They have that in abundance. Studies have long found that “political conservatism is associated with an increased negativity bias, including increased attention and reactivity toward negative and threatening stimuli.” This a fearful time, and people on the right tend to be highly sensitive to threats.

The second component is having seemingly legitimate, reassuring information to latch onto. In this case, they see the White House, Republican officials at all levels of government and the conservative media unified around the message that this pandemic is a readily manageable problem being overblown for partisan purposes.

Finally, and perhaps most importantly, the outbreak has so far hit urban areas and blue states hard, while in many rural, conservative parts of the country it is still an abstraction. Fourteen states have 1,000 or more confirmed cases, and only four are red (Texas, Tennessee and Louisiana) or reddish (Georgia). When people see others in their own communities suffering grave illness or death or lose loved ones to the disease, reality will break through the partisan spin, but that hasn’t happened yet.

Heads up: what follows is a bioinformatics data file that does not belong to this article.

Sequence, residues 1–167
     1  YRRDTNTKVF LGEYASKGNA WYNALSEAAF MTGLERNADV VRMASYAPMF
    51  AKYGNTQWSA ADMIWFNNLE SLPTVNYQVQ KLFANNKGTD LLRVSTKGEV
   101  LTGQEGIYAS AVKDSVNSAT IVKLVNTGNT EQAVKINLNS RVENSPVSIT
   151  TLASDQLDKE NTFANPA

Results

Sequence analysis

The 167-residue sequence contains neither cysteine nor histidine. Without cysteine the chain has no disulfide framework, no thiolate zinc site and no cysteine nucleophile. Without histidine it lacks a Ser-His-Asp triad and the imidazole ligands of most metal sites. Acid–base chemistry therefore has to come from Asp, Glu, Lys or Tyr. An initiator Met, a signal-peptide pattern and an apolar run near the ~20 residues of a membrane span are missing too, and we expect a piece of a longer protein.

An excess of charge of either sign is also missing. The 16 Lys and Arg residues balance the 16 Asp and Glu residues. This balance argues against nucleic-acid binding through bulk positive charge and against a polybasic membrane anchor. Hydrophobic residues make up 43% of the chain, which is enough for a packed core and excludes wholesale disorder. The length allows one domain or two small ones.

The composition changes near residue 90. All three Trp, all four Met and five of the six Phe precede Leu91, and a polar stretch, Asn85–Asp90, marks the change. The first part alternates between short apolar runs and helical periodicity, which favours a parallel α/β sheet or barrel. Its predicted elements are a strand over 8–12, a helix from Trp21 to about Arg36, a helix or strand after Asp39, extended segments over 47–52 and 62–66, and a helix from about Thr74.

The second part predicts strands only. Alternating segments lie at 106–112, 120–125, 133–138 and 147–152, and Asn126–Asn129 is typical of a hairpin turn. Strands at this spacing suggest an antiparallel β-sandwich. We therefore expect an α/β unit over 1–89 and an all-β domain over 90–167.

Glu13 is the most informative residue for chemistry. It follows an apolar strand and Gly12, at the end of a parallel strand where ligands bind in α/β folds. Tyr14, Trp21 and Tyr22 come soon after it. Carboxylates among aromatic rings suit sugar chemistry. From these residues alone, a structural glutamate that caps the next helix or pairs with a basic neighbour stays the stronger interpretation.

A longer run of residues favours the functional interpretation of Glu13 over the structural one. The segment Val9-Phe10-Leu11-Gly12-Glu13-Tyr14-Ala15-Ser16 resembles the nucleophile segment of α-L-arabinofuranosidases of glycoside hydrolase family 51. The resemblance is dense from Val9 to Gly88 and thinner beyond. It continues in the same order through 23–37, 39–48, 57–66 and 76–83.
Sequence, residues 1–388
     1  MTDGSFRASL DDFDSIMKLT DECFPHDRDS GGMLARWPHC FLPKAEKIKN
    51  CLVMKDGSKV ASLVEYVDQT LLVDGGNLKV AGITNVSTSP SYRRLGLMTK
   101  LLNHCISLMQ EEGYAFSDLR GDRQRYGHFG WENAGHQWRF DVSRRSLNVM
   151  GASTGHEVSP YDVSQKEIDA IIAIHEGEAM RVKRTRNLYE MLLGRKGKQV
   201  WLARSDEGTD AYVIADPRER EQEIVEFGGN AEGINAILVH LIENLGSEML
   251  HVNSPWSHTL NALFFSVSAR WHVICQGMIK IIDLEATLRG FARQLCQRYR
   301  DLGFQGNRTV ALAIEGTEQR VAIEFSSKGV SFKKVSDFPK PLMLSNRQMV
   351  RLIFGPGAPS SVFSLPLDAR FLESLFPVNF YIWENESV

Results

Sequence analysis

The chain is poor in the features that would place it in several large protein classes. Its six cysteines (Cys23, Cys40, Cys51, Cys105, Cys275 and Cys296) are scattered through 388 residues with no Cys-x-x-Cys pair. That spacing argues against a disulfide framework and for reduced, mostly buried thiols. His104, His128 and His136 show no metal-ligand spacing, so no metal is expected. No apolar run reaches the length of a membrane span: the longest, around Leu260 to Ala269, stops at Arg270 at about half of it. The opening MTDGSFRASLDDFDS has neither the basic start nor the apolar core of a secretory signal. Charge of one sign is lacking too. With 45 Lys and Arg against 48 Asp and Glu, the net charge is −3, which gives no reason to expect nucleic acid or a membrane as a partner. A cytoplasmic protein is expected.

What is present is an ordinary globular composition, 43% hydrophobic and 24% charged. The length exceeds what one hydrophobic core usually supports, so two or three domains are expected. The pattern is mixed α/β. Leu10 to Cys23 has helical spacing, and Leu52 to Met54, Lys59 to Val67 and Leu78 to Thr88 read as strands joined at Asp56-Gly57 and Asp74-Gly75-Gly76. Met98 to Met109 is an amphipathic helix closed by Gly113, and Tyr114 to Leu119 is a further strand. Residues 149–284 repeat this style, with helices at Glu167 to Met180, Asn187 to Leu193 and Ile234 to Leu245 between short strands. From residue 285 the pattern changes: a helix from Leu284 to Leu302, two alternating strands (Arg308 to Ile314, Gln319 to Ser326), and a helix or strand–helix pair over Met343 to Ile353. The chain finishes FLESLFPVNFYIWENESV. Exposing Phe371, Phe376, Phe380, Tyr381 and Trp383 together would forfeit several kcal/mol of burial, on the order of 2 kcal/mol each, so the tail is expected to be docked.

It will. The data show that COVID-19 spreads exponentially unless or until aggressive social distancing measures are put into place and enforced, and the 28 states that have not done so are mostly led by Republicans. And polls show that those believe the COVID-truthers on Fox News and among their elected officials are less likely to wash their hands regularly, avoid large gatherings or take other measures to avoid infection. According to Nate Silver, on Tuesday “cases increased by 31 percent in Trump states as compared to 21 percent in Clinton states.” That trend is likely to continue or accelerate as long as conservatives hold onto the belief that this isn’t really a historic public health crisis.